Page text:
Kirtan is typically practised in a group setting, where the leader sings out a Sanskrit mantra—one of hundreds of phrases praising the divine—and the participants sing it back. The mantra gets lobbed back and forth, often faster and faster as the chant progresses. A single chant can last 20, even 40, minutes, reminding me of the sacred version of a jam band concert. The repetition of music and mantra engage our busy minds, simultaneously guiding us deeper into meditation and higher into bliss. In essence, the chant does the meditating for us and we get to sit back and enjoy the ride.

I felt buzzed for days after my first kirtan encounter. Enchanted, you might say. I had no idea what the mantras meant or why I experienced what I did; I only knew I wanted to feel that way again…and again and again.

Gurushabd, co-founder of Golden Bridge yoga studio in Los Angeles, has studied the science of sacred sound in depth. His name translates as “One Who Uplifts Self through the Sound Current,” a phrase that not coincidentally reflects the very purpose of kirtan. He offers one explanation for my experience.

“These sounds [mantras] come from enlightened holy men. These are universal sounds. Even if you don’t understand a word of the translation, it doesn’t matter, because your soul understands all languages, the soul understands all universality. You’re sending a sound current into your brain that has to do with your soul and the Infinite and that’s why it makes you feel happy and blissful,” he told me.

Quantum physics shows us that the whole universe from the tiniest atom to the mightiest galaxy is in a state of vibration, including humans. When we come into contact with others, phenomena called resonance and entrainment happen, altering our individual vibrations: We start blending together in rhythm. One oft-cited example of this is the fact that women living together eventually come into sync on their menstrual cycles.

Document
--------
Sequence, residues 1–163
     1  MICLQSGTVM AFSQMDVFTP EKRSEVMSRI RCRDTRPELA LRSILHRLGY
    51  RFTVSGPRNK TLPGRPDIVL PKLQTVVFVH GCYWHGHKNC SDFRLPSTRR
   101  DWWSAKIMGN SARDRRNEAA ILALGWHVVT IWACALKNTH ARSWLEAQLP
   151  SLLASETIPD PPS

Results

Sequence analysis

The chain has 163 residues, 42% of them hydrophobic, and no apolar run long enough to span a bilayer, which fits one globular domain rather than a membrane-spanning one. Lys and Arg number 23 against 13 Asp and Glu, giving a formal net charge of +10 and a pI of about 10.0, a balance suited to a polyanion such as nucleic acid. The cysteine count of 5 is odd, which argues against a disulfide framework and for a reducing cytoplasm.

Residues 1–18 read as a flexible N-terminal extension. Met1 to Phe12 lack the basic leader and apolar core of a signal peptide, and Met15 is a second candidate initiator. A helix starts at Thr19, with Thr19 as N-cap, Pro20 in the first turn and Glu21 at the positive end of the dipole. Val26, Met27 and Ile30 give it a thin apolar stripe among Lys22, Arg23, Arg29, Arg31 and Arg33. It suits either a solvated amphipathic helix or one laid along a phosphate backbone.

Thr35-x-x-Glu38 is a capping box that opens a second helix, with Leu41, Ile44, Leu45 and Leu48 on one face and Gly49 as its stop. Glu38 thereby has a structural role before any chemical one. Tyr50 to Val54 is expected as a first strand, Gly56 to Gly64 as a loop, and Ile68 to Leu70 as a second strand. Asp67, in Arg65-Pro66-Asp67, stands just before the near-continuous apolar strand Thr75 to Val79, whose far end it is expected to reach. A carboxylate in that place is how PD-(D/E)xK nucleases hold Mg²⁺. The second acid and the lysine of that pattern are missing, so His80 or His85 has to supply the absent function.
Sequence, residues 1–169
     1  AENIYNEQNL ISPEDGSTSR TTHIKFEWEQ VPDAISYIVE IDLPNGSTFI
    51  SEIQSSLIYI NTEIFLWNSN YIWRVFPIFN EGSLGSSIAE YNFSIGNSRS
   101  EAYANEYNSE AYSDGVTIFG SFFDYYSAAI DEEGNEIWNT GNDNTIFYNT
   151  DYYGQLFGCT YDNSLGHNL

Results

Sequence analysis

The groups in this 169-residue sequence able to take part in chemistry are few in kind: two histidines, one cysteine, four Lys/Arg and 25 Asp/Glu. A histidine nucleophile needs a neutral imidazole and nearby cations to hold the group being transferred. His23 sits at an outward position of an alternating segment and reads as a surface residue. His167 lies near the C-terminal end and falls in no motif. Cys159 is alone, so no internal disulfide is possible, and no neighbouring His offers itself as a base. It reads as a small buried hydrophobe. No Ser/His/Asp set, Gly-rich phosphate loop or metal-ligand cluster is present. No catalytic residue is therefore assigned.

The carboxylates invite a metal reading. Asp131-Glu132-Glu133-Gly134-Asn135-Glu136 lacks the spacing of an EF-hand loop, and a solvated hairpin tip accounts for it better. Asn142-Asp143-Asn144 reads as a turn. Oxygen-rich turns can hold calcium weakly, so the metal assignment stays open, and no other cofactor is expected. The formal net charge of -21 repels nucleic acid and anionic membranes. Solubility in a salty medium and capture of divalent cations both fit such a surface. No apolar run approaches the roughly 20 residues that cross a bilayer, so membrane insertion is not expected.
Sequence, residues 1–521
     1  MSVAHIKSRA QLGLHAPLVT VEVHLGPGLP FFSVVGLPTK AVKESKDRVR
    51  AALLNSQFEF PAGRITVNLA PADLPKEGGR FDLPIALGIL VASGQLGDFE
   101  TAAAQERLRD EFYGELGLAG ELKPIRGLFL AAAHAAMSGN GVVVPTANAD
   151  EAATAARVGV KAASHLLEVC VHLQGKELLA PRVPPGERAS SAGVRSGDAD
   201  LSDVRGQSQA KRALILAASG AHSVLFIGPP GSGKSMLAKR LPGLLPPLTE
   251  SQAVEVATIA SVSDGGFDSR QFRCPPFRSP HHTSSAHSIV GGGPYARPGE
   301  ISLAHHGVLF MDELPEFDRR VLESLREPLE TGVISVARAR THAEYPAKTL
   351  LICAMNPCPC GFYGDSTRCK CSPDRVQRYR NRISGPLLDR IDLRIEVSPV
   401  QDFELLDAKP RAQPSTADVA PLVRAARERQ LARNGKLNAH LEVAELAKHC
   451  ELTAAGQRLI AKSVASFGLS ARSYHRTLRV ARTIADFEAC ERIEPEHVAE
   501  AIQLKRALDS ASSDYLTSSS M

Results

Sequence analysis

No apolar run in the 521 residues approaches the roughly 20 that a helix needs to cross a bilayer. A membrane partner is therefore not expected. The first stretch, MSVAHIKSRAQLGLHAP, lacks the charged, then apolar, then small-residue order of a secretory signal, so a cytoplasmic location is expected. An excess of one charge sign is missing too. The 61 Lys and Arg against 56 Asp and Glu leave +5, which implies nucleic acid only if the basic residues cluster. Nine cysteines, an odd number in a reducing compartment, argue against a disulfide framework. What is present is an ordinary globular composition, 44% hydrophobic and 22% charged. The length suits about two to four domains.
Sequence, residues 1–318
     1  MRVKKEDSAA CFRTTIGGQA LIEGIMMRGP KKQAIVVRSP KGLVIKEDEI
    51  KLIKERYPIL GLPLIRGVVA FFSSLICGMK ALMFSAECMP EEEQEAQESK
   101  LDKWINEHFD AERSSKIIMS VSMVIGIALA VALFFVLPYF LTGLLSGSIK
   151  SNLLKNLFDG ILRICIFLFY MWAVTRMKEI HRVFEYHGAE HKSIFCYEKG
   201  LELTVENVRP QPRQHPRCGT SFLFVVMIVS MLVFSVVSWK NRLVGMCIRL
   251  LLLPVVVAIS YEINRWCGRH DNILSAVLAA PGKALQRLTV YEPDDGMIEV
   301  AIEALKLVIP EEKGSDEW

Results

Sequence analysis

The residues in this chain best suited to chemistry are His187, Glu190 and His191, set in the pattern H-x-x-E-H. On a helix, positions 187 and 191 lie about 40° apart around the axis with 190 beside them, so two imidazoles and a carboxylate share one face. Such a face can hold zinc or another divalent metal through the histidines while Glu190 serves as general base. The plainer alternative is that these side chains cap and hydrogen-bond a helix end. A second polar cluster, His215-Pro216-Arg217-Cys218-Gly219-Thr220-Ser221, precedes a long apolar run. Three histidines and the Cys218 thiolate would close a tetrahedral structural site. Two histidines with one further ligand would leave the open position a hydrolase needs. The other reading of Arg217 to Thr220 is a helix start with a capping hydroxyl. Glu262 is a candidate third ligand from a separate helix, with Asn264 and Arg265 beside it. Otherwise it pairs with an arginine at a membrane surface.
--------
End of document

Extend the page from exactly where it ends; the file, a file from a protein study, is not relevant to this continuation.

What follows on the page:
In addition to other people, we also entrain with things like the moon…and music…and mantras. “When you hear kirtan, then literally the molecules in your being start to vibrate with this sound that is the underpinning of everything in the universe,” Gurushabd said.

Originating in East India centuries ago, kirtan is a central practice in both the bhakti—or devotional—branch of yoga, and in nada, the yoga of sound. In the West, a typical kirtan gathering a decade ago would most likely have been held in an ashram and attracted a small group of yoga devotees. But kirtan has recently exploded, with singalongs springing up all over the Americas and Europe. Now yogis and non-yogis alike can be found in crowds of 300—sometimes even 1,000 or more—having a great time slipping through the back door to meditation.